The Regnum Crouch Group is an alliance of photographic clubs in West Sussex. Its main function is to oversee the organisation of two annual photographic contests between member clubs.
The group has grown in a rather casual way from very simple beginnings somewhere around 1950 when the Chichester and Bognor Regis clubs staged a print battle between themselves. The following year, the Worthing club was invited to join in and in the next year the Littlehampton club also joined. For some years, the four clubs continued this annual print contest, taking it in turns to stage the event.
At the time Littlehampton became involved, the annual competition had become an annual major event in the programmes of the participating clubs. To encourage this, Charles Howard, a Chichester photographer, generously donated a shield for which the clubs could compete. This shield was given the name “Regnum Shield” after the ancient name of the City of Chichester and to acknowledge that the contest owed its origin to the Chichester club.
At this stage, it was the custom for each host club to make all the arrangements for the contest, including engaging a judge for the event. However, after a few years, it was felt that it would be better if this informal arrangement was given some degree of formality with a constitution and a “group official” who could speak with the combined authority of the four clubs. It was considered that this would enable the group to seek judges of higher repute and so make the contests of greater interest. This lead to the establishment of a small committee to manage the affairs of the “Regnum Crouch Group” and the creation of rules and guidelines which host clubs should follow.
Up to this time, everyone had felt that they did not want the arrangement which had grown up so casually to take on too formal an aspect, in spite of some hints from the Central Association. That association would have liked the group to become the focus for the establishment of a “West Sussex Federation of Clubs”, similar to what had been occurring in other counties. But the group was still determined to keep its competitions friendly and local, as it had always been. Moreover, no one wanted the responsibility, and work, involved in running a major federation.
By now there were five clubs involved, Southwick having joined the group. The group was run by a small committee of representatives from each club, with one elected as “convener”. It was the latter’s job to make general arrangements, including finding a judge, but detailed arrangements were left to the host club.
By the late 1950’s, colour slides were being increasingly used and it was proposed that a slide competition might be added to the group’s activities. This received great encouragement from the late T Edmund Crouch, a Worthing watchmaker and jeweller, who had always taken a great interest in photographic affairs. He donated a shield to be competed for in the slide contest. This shield, in recognition, was given the name “The Crouch Shield”. (The current - 2012 - shield is not, however, the one donated by Mr Crouch. In 2001, the original shields for both competitions became full with the small shields which were added to it each year to record the winning clubs. New shields were acquired, which are still in use. The shield for digital images (formerly for slides) is still called the Crouch Shield. The original shields were presented in 2002 to Littlehampton Museum, which has a moderate specialist collection of photographic memorabilia.)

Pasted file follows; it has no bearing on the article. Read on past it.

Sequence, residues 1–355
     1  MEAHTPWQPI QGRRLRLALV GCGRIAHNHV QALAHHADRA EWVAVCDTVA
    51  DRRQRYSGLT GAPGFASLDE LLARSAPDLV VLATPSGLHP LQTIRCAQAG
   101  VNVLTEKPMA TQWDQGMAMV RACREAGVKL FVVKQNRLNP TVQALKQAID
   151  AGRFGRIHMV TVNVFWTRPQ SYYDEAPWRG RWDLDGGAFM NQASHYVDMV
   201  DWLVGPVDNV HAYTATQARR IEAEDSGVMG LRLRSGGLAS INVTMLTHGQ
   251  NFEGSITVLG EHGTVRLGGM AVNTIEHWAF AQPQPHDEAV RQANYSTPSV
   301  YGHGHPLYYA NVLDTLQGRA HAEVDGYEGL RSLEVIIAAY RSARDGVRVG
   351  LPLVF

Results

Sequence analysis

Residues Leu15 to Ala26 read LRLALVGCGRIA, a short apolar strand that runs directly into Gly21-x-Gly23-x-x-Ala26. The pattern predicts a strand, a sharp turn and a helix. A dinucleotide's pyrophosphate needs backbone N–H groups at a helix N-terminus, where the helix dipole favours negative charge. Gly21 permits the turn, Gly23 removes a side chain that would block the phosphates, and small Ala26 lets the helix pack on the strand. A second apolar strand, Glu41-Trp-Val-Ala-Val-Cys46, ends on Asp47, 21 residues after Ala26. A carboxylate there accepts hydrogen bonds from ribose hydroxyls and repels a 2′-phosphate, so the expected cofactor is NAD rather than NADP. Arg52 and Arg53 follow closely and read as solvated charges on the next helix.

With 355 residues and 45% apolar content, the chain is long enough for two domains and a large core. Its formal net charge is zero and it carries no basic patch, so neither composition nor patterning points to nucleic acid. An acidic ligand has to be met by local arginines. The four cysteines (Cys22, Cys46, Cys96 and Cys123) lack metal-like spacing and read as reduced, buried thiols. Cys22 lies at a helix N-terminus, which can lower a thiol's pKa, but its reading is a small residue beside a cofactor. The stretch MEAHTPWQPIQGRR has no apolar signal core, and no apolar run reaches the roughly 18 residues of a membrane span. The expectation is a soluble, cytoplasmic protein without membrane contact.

Although the present organisation was beginning to emerge, there was still resistance to the establishment of a formal group. For example, the stationery was simply headed “West Sussex Inter-Club Committee” and for some years no other clubs were allowed to join. But there was increasing pressure from other clubs wanting to join in and, gradually, the numbers increased.
One worry was the growth of small “Works Clubs”, which seemed to be proliferating at the time, often springing up quickly and declining just as fast. It was felt that to allow such clubs to join was likely to prove a distinct disadvantage. So the “rules” were devised in such a way as to enable the refusal of such applications. Gradually, those rules were relaxed but there was still a determination to remain a small group (not more than twelve clubs) so that life did not become over complicated. Not all of the clubs competed in both competitions although all were eligible. For example, for some years Littlehampton was in the unfortunate position of not being able to make an entry in the Regnum print competition.
The way in which the group grew made for greater cooperation between member clubs and maintained a very friendly and comradely spirit throughout the Group.
At the AGM held on 25 March 1994 at Field Place Worthing it was agreed that trade processed prints could be accepted for the Regnum Print Competition.
After the year 2000, the increasing use of digital cameras led to a fairly rapid reduction in the number of photographers using slide film. The last competition for slides was on 22 March 2007 at Southwick. The following year, on 12 March 2008, the first competition for digital projected images (DPI) was hosted by Steyning. The “digital revolution” also led to the creation of the group website which carries details of the Group – its officers, member clubs, the results of competitions and the rules and constitution of the Group.
The number of competing clubs has remained remarkably constant over the years but there have been some departures – Crawley last competed on 21 March 2001, Haywards Heath on 5 November 1998 and Shoreham on 17 March 1998. Since then there has only been one change – Midhurst joined and competed for the first time on 21 March 2011.
It is a tribute to the pioneers of these competitions that they still attract considerable interest and the annual competitions are keenly contested and well supported.